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lugie
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RE: Why No Airline Accuracy In Movies?

Sun Sep 08, 2013 12:46 pm

I would say, for movies like you mentioned "Bourne legacy", one can afford those mistakes.
However, when I watched the movie "Flight" from last year - which is still a good movie IMO - I was very disappointed about the crash scene:
I am sure and I do fully a understand that it should be an imaginary airline, no real airline would show themselves in a movie crashing a plane and employing a pilot with drug problems. However the airplane they choose is far from realistic, long times it looked like one of the DC9 / MD8x / B717 line, with two tailcone-mounted engines. But then, they showed the wingtip, fitted with a winglet in the shape of those from the E-jet / CRJ series. Since it is a movie about aviation, they should've taken care of that.
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richiemo
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RE: Why No Airline Accuracy In Movies?

Sun Sep 08, 2013 12:57 pm

I think I read that the producers of "Flight" didn't want to suggest any particular plane, just like you wouldn't use a real airline. So they purposely jumbled the appearance of the plane so nobody would define it as a specific type (e.g. MD80). In terms of the original post by VC10, I happen to agree with him. Even though, yes, I'm a aviation fan, I still think keeping true to the details is important. Example would be in Kramer vs Kramer (not aviation related but an example), the producer designed the inside of the apartment to match exactly how it would appear based on the scene-setting outside stock footage they used of an apartment building in NYC. Just to make it that much more real.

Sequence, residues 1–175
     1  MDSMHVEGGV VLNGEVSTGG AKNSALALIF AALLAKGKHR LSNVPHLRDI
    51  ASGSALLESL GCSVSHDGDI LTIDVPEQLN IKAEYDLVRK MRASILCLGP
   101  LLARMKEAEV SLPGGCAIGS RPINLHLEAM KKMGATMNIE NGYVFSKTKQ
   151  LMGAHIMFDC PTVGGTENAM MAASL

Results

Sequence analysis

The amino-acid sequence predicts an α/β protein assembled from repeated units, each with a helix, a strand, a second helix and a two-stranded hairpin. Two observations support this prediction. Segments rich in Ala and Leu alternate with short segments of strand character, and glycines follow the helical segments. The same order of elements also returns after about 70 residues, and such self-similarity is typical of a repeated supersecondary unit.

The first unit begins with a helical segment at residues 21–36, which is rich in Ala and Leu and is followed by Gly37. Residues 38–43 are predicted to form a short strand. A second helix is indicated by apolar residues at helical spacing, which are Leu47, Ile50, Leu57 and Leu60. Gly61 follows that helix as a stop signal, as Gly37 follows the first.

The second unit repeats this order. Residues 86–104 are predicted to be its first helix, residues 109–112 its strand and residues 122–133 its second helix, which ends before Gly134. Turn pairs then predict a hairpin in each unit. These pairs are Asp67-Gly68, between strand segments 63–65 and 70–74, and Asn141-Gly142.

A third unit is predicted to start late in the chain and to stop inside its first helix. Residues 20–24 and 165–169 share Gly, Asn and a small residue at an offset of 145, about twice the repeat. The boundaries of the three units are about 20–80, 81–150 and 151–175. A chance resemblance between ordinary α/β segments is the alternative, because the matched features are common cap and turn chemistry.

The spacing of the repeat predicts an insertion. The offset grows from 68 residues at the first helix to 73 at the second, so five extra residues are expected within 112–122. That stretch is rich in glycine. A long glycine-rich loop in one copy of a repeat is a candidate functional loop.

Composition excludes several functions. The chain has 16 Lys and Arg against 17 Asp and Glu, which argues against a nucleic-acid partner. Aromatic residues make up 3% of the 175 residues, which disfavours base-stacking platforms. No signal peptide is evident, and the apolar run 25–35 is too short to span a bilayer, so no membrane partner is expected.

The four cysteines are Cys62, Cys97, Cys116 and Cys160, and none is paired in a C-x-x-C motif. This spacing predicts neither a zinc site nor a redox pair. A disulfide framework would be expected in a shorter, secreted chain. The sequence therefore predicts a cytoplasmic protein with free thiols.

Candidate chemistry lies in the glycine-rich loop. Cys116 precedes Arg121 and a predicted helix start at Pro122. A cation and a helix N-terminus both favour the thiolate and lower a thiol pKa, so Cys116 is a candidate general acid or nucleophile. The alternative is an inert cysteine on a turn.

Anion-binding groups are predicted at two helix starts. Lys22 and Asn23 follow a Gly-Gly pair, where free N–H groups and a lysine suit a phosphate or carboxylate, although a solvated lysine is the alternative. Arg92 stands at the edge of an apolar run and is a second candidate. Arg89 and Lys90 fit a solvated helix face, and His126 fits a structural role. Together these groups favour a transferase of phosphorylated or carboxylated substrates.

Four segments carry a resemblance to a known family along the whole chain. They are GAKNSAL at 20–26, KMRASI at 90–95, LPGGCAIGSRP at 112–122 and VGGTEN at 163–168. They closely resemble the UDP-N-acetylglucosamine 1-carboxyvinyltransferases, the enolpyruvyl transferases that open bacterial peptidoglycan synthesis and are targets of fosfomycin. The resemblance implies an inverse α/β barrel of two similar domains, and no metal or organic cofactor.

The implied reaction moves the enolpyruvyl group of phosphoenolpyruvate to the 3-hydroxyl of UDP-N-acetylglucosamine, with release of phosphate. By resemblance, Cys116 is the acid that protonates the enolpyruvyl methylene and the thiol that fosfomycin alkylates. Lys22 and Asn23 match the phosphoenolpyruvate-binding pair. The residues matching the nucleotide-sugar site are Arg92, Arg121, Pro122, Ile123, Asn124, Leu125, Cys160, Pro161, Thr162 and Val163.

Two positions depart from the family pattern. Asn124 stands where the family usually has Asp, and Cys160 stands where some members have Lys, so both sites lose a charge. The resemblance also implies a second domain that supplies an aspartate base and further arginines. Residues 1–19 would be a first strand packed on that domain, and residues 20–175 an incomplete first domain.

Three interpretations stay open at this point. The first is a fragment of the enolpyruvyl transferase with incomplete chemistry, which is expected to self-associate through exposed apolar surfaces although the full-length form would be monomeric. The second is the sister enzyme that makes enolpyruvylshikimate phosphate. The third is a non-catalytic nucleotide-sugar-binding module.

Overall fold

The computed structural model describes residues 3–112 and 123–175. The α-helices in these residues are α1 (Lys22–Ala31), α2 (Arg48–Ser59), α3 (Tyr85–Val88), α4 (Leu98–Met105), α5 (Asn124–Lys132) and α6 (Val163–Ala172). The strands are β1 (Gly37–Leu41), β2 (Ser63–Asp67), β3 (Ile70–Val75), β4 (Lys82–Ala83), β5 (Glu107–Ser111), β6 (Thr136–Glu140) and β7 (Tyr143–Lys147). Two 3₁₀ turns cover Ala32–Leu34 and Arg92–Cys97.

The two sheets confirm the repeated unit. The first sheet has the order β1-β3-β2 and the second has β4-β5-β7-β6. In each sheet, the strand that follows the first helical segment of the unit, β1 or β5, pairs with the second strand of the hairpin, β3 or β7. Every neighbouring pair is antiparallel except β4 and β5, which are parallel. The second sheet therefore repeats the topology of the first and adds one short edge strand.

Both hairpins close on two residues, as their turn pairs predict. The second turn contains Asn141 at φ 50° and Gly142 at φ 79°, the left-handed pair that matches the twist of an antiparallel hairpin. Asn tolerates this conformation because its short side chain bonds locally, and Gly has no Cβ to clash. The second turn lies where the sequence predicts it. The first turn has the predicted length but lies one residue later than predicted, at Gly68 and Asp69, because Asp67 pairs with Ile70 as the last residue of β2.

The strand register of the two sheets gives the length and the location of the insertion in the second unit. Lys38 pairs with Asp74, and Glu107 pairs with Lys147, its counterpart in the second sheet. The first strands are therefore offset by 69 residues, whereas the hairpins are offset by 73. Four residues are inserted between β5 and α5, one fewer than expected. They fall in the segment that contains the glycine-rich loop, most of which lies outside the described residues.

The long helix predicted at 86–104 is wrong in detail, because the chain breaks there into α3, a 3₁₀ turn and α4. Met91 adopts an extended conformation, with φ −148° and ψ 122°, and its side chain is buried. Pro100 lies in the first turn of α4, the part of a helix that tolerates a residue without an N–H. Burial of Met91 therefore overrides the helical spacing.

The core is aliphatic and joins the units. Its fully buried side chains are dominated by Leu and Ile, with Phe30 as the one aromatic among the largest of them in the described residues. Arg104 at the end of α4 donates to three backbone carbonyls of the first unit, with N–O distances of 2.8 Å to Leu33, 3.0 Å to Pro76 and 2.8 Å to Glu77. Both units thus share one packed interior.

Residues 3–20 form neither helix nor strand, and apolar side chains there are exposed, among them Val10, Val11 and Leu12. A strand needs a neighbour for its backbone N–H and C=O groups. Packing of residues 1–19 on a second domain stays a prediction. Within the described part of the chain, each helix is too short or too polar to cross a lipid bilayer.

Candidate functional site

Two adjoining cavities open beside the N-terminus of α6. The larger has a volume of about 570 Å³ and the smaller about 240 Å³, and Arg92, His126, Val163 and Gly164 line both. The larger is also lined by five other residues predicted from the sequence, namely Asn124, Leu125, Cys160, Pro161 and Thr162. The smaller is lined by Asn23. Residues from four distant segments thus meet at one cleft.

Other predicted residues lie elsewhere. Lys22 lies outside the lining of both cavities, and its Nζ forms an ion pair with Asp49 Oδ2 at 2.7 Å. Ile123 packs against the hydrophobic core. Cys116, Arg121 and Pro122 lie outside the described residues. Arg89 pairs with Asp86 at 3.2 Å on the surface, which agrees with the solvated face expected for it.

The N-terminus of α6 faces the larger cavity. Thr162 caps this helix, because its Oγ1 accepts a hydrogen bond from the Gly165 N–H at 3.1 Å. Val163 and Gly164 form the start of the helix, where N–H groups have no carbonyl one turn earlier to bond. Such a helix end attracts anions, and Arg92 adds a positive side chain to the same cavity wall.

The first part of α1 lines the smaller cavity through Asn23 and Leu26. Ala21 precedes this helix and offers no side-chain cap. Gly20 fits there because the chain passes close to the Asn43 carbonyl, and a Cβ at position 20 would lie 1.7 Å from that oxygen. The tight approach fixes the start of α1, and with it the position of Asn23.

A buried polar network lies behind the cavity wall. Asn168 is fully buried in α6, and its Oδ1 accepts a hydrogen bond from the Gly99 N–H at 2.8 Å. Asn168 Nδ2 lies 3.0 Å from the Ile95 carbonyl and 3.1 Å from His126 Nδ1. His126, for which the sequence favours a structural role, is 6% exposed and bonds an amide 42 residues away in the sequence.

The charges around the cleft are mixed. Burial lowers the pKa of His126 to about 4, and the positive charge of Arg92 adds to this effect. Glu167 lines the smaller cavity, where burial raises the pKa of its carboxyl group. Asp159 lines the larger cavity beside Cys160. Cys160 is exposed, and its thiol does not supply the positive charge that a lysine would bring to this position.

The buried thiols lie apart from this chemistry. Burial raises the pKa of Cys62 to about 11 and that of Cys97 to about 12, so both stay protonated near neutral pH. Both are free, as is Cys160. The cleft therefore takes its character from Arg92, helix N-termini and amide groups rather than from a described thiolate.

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afterburner
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RE: Why No Airline Accuracy In Movies?

Sun Sep 08, 2013 1:05 pm

Quoting lugie (Reply 12):
Since it is a movie about aviation
Flight is not a movie about aviation in my opinion. It's about a person who has drugs and alcohol addiction problem.
 
Flighty
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RE: Why No Airline Accuracy In Movies?

Sun Sep 08, 2013 1:22 pm

Quoting lugie (Reply 12):
I am sure and I do fully a understand that it should be an imaginary airline, no real airline would show themselves in a movie crashing a plane and employing a pilot with drug problem

Exactly. I'd think liability is the main reason. Most airline scenes are inconsequential so offer little benefit to airlines....

Others are bad. What if the movie is about a bloodthirsty monster who lives in the baggage compartment, killing random pax...

A few movies focus on a good airline experience, so those are good targets for airlines. Like AA in Up in the Air or whatever.
 
Gr8Circle
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RE: Why No Airline Accuracy In Movies?

Sun Sep 08, 2013 1:27 pm

Quoting afterburner (Reply 14):
Flight is not a movie about aviation in my opinion. It's about a person who has drugs and alcohol addiction problem.

Then why call it "Flight"? 
 
citationjet
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RE: Why No Airline Accuracy In Movies?

Sun Sep 08, 2013 1:35 pm

Quoting crownvic (Reply 1):
It is no different probably, if you are a cop watching a police movie or a football player watching a football movie.

...or a doctor watching a medical based show, a lawyer watching a courtroom based show, a chef watching a cooking show, or a Presidential staff member watching West Wing. Those of us watching these shows don't know and don't really care about the technical accuracy of what is being shown as real. Same for aviation movies for the non-aviation oriented.